First of all, what are unauthorized socks? Did they have ROZELLE in big block letters down the side? I wonder what would have happened if Taylor had spat an unauthorized sock into someone’s face.
This season we learned that the NFL has ceased to be hip. If the aforementioned fines for the dress code weren’t proof enough, look no further than the decision to have the Rolling Stones hack their way through halftime of the Super Bowl. The NFL should be immune to what’s cool or uncool, it should be timeless. Tying the league to ancient rock stars who would have never played the Super Bowl in their prime is just plain stupid.
This season we learned that hot dogs eventually get eaten. Terrell Owens finally had his comeuppance after years of being the loudest mouth in football. The Eagles are as much to blame as Owens, but hopefully this will teach young players that one player is not bigger than the team.
This season we learned that the Pro Bowl doesn’t matter. Who really cares about the Pro Bowl? The players don’t. Check out Tom Brady, who pulled himself from the game after pulling something that led to a sports hernia. So instead of going to Hawaii and showing up for the honor, Brady decides to play golf in a well-publicized Pro-Am.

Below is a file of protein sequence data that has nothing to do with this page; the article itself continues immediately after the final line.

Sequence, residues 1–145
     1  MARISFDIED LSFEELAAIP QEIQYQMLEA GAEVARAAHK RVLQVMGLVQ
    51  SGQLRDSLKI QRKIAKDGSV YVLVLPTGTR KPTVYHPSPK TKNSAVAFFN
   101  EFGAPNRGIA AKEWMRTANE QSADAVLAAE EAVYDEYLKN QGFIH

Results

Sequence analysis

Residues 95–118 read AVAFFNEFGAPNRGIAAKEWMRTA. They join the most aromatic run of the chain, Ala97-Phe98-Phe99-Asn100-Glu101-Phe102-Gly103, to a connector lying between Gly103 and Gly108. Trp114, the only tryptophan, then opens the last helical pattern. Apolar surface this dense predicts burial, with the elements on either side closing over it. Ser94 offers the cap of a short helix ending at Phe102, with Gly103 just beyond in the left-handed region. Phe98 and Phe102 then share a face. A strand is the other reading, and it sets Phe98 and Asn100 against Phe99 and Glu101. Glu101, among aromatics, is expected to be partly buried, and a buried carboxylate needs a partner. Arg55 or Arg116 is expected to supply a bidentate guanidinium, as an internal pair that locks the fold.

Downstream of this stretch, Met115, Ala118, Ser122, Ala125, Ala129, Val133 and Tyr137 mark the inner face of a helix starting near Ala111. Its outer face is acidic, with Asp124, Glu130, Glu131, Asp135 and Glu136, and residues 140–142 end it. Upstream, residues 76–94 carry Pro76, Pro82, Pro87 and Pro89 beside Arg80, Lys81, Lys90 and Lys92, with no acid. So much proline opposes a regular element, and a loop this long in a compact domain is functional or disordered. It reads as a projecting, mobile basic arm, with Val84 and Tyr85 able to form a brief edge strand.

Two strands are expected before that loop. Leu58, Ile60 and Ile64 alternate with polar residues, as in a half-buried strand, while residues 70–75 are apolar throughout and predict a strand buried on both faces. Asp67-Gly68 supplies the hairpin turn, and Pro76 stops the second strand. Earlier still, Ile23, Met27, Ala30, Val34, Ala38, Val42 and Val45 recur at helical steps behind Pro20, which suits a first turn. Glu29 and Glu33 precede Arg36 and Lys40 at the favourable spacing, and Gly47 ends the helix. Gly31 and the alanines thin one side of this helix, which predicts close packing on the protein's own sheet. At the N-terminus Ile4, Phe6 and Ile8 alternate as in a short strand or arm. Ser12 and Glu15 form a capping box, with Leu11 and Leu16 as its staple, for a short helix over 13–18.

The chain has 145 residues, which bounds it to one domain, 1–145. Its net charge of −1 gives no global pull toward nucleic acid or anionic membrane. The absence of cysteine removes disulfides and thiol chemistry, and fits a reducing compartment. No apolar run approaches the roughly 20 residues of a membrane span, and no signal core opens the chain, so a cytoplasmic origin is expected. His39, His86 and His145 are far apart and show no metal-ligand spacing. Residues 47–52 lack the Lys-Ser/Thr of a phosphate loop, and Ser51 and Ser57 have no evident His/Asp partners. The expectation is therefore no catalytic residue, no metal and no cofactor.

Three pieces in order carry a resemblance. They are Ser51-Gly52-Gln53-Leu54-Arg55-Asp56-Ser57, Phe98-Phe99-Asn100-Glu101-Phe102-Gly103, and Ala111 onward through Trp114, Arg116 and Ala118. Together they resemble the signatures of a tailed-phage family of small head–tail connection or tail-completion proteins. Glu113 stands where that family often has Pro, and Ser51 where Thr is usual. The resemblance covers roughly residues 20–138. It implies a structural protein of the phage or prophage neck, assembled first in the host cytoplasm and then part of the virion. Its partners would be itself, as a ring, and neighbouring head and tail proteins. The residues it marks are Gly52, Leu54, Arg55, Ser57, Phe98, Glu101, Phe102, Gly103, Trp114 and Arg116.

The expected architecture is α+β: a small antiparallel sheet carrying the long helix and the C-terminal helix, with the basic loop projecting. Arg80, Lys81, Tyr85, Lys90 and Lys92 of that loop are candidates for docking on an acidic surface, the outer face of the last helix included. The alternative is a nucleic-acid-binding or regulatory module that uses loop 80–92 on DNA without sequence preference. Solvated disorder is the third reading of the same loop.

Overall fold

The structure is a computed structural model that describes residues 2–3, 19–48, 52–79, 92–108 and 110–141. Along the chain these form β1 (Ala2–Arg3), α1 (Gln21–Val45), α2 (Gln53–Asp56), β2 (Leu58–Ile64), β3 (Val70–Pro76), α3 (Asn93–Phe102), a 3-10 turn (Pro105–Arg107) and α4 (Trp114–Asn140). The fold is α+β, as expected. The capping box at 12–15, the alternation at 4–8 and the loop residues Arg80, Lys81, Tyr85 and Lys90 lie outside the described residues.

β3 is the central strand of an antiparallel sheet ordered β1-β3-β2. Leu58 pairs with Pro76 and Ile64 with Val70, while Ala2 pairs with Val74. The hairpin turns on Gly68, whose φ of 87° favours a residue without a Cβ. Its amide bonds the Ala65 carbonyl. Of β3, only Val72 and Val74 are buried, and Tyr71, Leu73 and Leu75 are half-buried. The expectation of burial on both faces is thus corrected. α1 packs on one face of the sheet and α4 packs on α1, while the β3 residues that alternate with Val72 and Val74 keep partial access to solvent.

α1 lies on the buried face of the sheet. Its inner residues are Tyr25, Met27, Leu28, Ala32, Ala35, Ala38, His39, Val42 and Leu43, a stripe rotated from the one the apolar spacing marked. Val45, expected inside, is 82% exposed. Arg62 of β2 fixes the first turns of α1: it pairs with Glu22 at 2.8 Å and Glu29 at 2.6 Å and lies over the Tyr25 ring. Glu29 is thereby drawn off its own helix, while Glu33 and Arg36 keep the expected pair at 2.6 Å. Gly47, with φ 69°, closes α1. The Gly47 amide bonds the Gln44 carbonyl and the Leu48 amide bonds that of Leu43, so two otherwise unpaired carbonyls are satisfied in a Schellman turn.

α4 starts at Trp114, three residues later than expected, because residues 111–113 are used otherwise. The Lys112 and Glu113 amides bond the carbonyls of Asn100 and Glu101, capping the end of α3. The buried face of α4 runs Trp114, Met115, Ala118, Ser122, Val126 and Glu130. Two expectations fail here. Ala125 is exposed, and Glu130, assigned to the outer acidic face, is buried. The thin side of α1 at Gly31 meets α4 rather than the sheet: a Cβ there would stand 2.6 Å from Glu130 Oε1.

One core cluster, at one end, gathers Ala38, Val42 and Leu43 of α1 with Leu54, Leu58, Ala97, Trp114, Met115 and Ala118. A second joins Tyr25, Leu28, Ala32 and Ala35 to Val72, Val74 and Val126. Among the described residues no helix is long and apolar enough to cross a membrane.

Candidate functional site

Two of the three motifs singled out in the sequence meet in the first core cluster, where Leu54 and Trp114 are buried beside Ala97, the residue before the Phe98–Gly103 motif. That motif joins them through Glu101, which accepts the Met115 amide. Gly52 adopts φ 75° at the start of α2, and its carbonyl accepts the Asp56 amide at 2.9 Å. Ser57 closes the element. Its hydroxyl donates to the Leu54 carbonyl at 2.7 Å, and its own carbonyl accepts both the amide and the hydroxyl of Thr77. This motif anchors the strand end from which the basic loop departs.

The game is usually very ugly, and this year was no different. Penalties, turnovers and uninspired play was the theme of the day. If something isn’t done soon, the game will lose all relevance whatsoever.
This season we learned that Peyton Manning is overrated. I can’t deny it anymore. Manning has never won anything at any level. His only losses in high school were in the state playoffs. Tennessee didn’t win a National Championship until after he graduated. And after posting the best regular season in 20 years, he promptly stuck a chicken bone down his throat in the AFC championship game. Then he follows that up with a three-interception performance in the Pro Bowl.
This season we learned that you can go home again. Just ask Jerome Bettis, who parked his bus in his hometown after winning the Super Bowl. Ricky Williams also came home back to the Dolphins this season, who forgave him of his pot-smoking odyssey and welcomed him and his 4.5 yards per carry back to Miami.
This season we learned that longevity is rewarded. Bill Cowher, the longest tenured coach in the NFL finally won the Vince Lombardi trophy.
The Steelers are always a contender under Cowher, and the Rooney clan has to be applauded for not being knee-jerk reactionists like the rest of the owners in the league.
This season we learned that everyone gets old. The flip side of longevity is the aging process. Brett Favre has been in Green Bay forever, and this season he finally played like it. The sad thing is he isn’t old. He’s my age, but in football years that’s like saying he was born in the Bronze Age.
This season we learned many things about the NFL. The number one lesson we learned is we didn’t learn anything. We’ll be back in front of the TV and in the stands next season, hoping that this time it will be better.